It may feel like every day brings a new and disturbing crisis which competes for our attention, understanding and sympathies. While it’s easier to settle for awareness rather than understanding, or even to look away, seeing beyond the headlines for deeper and meaningful understandings can be empowering and liberating.
Keeping pace with the news cycle
A news clip about the Bank of England and the interest rates.
A headline on NHS organisational pressures and the likely outcomes for patients.
A notification of a strike on the start pages of social media platforms and search engines.
A radio sound bite about a trade agreement that will likely not materialise due to the current British government’s relationship to the new government of Brazil
Nowadays flicking through news headlines can take you through complex political matters at high speed. Some days we might not have time for the news or only manage a fragmented intake, making it even harder to keep up.
While fast, too fast perhaps, this flow of information is vital to the functioning of democracy.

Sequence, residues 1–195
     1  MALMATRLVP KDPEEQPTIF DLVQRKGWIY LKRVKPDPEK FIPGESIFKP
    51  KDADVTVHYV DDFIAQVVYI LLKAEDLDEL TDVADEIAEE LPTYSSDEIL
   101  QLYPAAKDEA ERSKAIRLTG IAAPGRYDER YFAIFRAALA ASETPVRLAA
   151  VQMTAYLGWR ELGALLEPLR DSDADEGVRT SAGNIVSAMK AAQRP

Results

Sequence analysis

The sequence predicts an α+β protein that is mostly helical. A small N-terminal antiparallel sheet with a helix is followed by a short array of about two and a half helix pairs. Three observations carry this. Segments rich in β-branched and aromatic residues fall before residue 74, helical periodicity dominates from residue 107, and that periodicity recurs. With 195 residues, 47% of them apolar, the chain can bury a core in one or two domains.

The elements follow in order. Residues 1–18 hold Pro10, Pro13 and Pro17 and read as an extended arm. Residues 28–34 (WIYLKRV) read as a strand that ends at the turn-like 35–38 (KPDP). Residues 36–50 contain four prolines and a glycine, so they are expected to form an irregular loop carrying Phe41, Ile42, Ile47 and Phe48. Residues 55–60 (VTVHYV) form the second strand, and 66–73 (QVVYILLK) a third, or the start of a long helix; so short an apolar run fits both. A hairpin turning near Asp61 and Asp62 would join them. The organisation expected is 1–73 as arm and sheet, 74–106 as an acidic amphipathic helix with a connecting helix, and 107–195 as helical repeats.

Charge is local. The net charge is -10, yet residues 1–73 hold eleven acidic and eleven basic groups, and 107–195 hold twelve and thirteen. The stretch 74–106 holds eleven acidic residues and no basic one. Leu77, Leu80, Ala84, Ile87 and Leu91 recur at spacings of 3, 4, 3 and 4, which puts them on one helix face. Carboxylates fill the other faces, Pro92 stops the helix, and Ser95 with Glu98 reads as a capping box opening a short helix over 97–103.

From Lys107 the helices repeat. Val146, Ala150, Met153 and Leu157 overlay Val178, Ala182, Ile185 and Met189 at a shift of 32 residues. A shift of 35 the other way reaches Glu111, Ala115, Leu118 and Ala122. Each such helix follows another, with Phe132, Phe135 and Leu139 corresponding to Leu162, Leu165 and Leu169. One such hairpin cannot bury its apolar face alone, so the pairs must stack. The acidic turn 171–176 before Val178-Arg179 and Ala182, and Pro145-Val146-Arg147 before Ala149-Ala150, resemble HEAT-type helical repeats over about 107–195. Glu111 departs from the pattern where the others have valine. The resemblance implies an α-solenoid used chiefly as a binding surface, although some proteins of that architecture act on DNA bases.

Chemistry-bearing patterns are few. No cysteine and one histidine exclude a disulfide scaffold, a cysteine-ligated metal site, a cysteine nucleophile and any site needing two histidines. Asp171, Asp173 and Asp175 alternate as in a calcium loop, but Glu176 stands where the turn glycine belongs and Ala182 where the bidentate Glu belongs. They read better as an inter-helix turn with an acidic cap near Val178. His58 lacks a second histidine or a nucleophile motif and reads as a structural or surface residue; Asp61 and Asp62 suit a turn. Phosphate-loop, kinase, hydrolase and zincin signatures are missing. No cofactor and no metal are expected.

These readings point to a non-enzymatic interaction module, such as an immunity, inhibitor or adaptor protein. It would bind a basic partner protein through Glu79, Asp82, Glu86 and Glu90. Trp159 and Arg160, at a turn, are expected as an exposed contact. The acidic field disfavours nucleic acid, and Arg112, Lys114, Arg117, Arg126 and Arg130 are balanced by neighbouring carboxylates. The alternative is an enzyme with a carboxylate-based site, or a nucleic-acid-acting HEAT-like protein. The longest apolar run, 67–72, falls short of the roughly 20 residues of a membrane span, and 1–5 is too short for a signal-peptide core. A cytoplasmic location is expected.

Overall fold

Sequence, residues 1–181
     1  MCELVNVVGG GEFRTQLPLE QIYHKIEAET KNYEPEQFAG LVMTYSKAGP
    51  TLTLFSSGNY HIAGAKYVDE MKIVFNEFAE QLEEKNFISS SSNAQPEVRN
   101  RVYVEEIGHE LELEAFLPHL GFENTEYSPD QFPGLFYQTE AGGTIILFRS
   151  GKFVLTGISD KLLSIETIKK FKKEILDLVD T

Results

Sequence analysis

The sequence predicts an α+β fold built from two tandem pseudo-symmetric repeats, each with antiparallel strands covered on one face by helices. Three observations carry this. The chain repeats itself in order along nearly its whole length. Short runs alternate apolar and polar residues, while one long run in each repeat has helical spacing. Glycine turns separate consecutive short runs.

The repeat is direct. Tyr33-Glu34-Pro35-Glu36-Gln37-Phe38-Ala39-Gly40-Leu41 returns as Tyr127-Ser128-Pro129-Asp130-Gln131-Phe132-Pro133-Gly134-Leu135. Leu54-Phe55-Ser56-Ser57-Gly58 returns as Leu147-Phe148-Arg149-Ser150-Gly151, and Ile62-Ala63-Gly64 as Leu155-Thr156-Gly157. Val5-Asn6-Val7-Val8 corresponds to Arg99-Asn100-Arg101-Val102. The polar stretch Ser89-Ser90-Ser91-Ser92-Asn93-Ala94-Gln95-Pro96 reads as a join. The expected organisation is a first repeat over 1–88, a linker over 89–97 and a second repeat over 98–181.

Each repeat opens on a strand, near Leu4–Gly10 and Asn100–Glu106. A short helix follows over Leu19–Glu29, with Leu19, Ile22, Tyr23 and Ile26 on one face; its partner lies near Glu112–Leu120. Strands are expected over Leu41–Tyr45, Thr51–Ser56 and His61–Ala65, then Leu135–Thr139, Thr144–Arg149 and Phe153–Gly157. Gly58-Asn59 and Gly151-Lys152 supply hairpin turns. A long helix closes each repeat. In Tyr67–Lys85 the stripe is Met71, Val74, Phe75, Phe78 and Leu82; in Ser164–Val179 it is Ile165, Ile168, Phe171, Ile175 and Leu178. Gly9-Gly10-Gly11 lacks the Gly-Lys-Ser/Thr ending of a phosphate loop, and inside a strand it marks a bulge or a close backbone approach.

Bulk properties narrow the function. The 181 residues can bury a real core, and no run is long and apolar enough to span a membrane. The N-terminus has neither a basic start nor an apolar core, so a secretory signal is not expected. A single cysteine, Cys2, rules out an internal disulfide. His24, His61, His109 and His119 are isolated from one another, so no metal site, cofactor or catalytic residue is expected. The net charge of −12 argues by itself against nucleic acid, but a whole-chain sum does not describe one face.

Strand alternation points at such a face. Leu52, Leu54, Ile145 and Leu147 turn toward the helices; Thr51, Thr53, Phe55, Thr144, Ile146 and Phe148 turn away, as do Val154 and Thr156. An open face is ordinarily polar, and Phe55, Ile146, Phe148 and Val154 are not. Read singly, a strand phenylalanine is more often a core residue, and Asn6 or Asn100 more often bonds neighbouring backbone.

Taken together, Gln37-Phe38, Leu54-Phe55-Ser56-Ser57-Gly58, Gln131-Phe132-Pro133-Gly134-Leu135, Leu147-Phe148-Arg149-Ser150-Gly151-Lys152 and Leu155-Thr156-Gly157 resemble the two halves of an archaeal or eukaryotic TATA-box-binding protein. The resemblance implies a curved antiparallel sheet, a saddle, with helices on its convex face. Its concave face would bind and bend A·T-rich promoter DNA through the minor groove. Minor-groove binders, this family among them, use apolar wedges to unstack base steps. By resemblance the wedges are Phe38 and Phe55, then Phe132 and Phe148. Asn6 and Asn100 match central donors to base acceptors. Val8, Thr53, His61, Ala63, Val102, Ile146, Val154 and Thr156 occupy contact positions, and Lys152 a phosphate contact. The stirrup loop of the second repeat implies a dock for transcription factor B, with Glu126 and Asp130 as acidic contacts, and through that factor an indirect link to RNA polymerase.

Fragmentation, complexity & heavy topics
So, navigating this rapid flow of information is challenging.
We learn new information on different outlets, media, and platforms. In the form of disjointed and fragmented headlines, news pieces on TV, radio clips and interviews, each following their own mostly daily news cycle.
It seems to take more time, focus and determination to meaningfully follow the complexity of issues of the day. And, it is not only that the levels of complexity have increased.
For many of us, following politics and current affairs, is getting tougher. What we read often leaves us unsettled. Each crisis competes with the other for our attention, understanding and sympathies: The climate crisis, resource depletion, wars and genocide, droughts, and famine. It is easy to despair, even look away.
How then can we avoid headlines just whizzing past, one after the other?
The ‘global we’ and why we can’t just look away
The news whizzing past us each day highlight issues that often affect all of us in this country or on the planet, even if it may not seem that way. We all connected by our global past, present, and future.
For example, the connections of our imperial past very strongly inform the inequalities, insecurities, and dynamics of change (or the lack thereof) both within and across borders, if in very different ways.